Among these 75 variants, frequencies of the distribution of alleles vary among different ethnic populations: for example, individuals homozygous for the *10 allele have low CYP 2D6 gene activity and are found in nearly 20% of the Japanese population – a figure that differs from both Caucasian and Chinese populations [22]. Studies in molecular genetics indicate that actual cause of reduced activity of the CYP 2D6 gene is variable and complex. Causal factors range from single nucleotide polymorphisms in the coding sequences, to effective deletions of the gene itself, to polymorphisms that affect the splicing of CYP 2D6 [21]. But on the other side of the coin, there are rapid metabolizers with high CYP 2D6 gene activity, related to the fact they possess duplicates of the gene (some with as many as thirteen copies). High metabolizers with high CYP 2D6 gene activity require more than the standard doses of drugs to achieve therapeutic responses. It should be obvious that these important human differences could never have been revealed by nonhuman animal studies.

Consider the metabolism of a specific drug, such as the antiepileptic drug mephenytoin. More than 20% of the Japanese population are poor metabolizers (compared to about 3% of the Caucasian population [20]). Enzymes in the CYP 2C subfamily have been shown to be responsible for mephenytoin metabolism, with CYP 2C19 responsible for the main enzyme, (S)-mephenytoin 4'-hydroxlase [18]. Poor metabolizers appear to make a stable, but defective protein [20]. The presence of CYP 2C19*2 and *3 alleles account for 99% of poor metabolizers within oriental populations and 87% of Caucasian poor metabolizers.

These examples represent only a minute sample of what is known about polymorphisms with respect to the specific enzymes and substrates (drugs, in this case) mentioned. But they highlight the importance of paying attention to intraspecific variation when considering metabolic activity. Partly for these reasons, Collins has recently pointed out:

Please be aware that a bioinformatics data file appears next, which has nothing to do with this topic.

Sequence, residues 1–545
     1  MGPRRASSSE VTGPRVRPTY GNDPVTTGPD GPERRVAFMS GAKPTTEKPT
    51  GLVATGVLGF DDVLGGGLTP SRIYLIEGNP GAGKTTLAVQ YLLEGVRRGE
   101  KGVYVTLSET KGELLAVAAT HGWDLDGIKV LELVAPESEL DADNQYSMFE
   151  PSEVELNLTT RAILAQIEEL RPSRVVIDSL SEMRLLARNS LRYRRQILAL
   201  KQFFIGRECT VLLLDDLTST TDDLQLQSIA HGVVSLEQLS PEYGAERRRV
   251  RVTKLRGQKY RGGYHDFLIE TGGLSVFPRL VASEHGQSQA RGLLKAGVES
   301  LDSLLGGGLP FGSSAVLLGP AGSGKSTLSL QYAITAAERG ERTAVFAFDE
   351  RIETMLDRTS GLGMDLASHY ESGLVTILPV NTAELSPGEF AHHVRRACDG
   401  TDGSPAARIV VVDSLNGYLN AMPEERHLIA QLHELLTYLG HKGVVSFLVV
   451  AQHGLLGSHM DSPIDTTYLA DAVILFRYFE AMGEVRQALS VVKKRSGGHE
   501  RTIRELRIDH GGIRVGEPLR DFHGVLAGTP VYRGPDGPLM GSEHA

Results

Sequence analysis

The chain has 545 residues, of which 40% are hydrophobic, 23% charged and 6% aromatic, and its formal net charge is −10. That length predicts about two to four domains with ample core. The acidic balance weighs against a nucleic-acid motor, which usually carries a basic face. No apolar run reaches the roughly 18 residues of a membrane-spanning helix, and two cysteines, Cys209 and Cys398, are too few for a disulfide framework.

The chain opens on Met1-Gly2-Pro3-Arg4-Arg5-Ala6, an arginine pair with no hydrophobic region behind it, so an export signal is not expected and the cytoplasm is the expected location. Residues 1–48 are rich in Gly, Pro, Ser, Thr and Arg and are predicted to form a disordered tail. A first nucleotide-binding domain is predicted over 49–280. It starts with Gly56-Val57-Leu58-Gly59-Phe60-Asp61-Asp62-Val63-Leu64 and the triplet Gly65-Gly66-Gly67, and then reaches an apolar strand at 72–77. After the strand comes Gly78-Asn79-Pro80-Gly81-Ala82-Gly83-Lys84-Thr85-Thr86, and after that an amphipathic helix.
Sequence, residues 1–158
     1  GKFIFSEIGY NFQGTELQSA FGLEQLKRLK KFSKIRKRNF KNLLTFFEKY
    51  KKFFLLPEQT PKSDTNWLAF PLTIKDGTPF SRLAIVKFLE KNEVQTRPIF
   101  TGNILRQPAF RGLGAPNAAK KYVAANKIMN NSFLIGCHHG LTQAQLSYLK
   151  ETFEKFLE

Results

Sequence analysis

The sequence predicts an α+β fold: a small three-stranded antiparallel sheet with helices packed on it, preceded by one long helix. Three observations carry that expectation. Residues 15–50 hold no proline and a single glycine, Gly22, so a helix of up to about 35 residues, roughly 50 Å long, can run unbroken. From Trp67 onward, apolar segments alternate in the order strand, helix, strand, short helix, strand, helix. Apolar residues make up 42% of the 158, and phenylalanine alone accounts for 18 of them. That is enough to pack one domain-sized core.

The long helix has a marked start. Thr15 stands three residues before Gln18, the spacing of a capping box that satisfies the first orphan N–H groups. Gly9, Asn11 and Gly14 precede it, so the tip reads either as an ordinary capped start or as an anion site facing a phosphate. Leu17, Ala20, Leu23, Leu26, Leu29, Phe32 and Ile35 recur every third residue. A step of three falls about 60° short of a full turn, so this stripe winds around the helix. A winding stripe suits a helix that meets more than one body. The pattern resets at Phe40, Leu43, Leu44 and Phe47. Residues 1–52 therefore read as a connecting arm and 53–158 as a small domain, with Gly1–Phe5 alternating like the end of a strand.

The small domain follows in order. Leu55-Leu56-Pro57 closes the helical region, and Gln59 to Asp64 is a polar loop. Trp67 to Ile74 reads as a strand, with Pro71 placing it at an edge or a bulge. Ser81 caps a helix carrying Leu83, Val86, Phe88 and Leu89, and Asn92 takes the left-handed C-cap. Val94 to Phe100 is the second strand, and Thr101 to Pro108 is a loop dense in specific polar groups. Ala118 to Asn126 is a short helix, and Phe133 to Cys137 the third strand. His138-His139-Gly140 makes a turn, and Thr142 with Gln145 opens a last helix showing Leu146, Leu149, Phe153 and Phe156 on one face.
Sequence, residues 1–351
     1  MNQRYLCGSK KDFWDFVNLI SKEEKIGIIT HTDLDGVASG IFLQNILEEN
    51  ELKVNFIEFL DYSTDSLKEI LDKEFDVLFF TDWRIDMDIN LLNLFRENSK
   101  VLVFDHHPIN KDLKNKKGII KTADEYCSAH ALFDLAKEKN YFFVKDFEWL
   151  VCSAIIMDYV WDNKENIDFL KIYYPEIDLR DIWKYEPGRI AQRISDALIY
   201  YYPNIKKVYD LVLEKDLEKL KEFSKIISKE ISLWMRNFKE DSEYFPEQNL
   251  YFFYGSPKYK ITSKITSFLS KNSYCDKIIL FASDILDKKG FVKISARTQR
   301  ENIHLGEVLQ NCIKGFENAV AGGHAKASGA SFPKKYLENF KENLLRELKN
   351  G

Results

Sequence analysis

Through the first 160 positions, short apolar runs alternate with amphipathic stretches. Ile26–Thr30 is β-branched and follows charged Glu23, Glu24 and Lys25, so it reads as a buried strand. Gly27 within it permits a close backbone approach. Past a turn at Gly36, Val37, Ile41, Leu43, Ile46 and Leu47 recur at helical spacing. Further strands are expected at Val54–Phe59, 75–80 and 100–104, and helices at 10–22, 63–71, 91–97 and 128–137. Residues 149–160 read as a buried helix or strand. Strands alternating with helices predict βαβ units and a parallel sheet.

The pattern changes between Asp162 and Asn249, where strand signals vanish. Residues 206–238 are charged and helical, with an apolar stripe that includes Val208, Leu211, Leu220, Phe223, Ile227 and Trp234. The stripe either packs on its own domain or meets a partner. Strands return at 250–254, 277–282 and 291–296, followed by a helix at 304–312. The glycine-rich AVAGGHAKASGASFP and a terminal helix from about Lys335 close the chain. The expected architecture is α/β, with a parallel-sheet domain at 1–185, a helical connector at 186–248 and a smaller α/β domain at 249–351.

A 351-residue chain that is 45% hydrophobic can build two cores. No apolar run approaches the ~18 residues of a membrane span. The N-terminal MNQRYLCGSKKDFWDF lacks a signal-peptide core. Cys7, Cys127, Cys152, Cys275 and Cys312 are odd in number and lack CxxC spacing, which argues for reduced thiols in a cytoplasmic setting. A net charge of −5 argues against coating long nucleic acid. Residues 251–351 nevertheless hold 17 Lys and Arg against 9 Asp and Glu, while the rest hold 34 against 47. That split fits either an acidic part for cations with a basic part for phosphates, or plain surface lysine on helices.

In the field of metabolism, as well as some segments of toxicity and efficacy, there has been a major shift from animal-derived data to human-based data. Except for comparative studies to assess interspecies differences, animal studies have declined in importance. Part of this shift is driven be an appreciation for the uncertainty in cross-species metabolic pathways. From the practical side, the well-organized, readily available supply of human tissue has fueled this shift [[23]:238].

The existence of intraspecific variation is but a foretaste of the biological problems confronting those who seek to use animals to model human biomedical phenomena. As Darwin observed in the Origin of Species:

As each species tends by its geometrical rate of reproduction to increase inordinately in number; and as the modified descendants of each species will be enabled to increase by as much as they become more diversified in habits and structure, so as to be able to seize on many and widely different places in the economy of nature, there will be a constant tendency of natural selection to preserve the most divergent offspring of any one species.

Hence, during a long continued course of modification, the slight differences characteristic of varieties of the same species, tend to be augmented into the greater differences characteristic of species of the same genus [[3]:108].

In other words, one effect of evolutionary processes in the formation of new species, is essentially to amplify the differences that existed in the varieties belonging to the common ancestor from which the new species descend in the course of evolutionary time. Thus, further bad news lies in the fact that interspecific variation is likely to be even more of a problem for the animal modeler than the already confounding intraspecific variation we have just discussed.

Extrapolation between rodent species

As noted above, rats and mice are more closely related to each other than either is to humans. While intraspecific variation is important within rat and mouse (and human) populations – marked differences exist between different strains of mice and different strains of rats with respect to drug metabolism and susceptibility to diseases such as cancer. Interspecific extrapolation between rats and mice has proved to be no simple matter – rats are not particularly good models for mice! Thus as Hoffman has observed:

Correspondence between mouse and rat, the two most commonly used species in carcinogenicity tests, is not especially high. For 73 compounds evaluated by Tennant et al., the concordance between mouse and rat was 67%. Moreover, in an evaluative study by Griesemer and Cueto, only 44 of 98 agents that were carcinogenic in either rats or mice were carcinogenic in both species [[24]:216].

Extrapolation from rodents to humans

There is an enormous literature on the problems associated with extrapolation from rodents to humans. We will briefly examine three examples to highlight the difficulties encountered in any such enterprise.

(a) Cancer

As aptly described in one of the leading textbooks in cell biology: